Since its release in 1999, The Matrix—and nearly everything in it—has become an indelible part of pop culture. This weekend, composer Don Davis will conduct the Atlanta Symphony in a performance of his original score for The Matrix during a screening of the film in Symphony Hall. We caught up with Davis to ask a few questions about the challenge of creating the music for a sci-fi classic.
How did you originally get involved with composing the music for The Matrix?
Well, I had already worked with the Wachowski brothers on a movie called Bound. The brothers were extremely loyal when they went from that low-budget picture to a high-budget picture: they brought all the principles along with them.
What was your initial response to the film?
When I read the script I was knocked out immediately. I knew this was something special and unusual. At the time Larry and Andy showed me some of their story boards. It was very impressive. Ordinarily storyboards are very rough, like stick figures. But these storyboards were done by comic book artists, and they looked like fully fleshed out comics. It was meticulous research and development. That got me going.
It's a really unusual story, very futuristic, parts of it are meant to take place inside a computer. Was that aspect challenging for you?
Yeah. It's kind of a learning process. One of the main features of the score is these echoing brass chords. That's what you hear at the beginning of the film. I came up with that when I was working on this initial chase. There's a scene where Trinity leaps across a street from one building to another. It's a very interesting well-done shot. When we spotted it, they said, "Do something big here. Really make that happen." When I did it, I did like they said and made it big. When they heard it, they said "Whoah. We have to hear the sirens" because there are police cars on the street below her. So I had to come up with something that would be unusual and play the scene in a futuristic and exciting way, but still let the sound effects come through. That's when I came up with the idea of having the two brass chords echoing back and forth. There's essentially no movement except for the loudness and softness of these two chords. I was able to make that the signature of the movie.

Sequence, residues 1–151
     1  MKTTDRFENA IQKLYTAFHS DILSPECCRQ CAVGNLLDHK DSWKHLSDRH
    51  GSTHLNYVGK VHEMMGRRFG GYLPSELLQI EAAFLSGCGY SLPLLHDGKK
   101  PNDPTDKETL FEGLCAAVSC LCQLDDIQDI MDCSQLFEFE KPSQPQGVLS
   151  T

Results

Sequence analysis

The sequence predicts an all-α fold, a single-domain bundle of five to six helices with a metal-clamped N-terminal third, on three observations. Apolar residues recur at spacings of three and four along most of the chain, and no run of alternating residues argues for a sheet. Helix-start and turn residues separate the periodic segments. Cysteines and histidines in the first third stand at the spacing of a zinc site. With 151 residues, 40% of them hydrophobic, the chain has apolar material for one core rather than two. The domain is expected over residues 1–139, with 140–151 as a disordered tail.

What does a live symphony orchestra add to a film that, say, just having a really awesome surround sound system wouldn't?
Regardless of how good a conductor can be, a composer always has his own idea of how it's supposed to sound. Especially in a film score when it's supposed to be part of a film: I'm looking at it thinking when Neo does this, music is supposed to go 'Oomph' and it didn't! One thing that's always disappointing for film composers is that there's a huge amount of energy that's generated on the scoring stage: usually the energy can be captured in a recording. But once that recording is mixed in with sound effects and dialogue, there's a big loss. Much of the energy is missing. What's unique about this kind of situation is that the audience can experience that energy again because it's happening live with an orchestra.
40 years of food for thought .... very worth reading.
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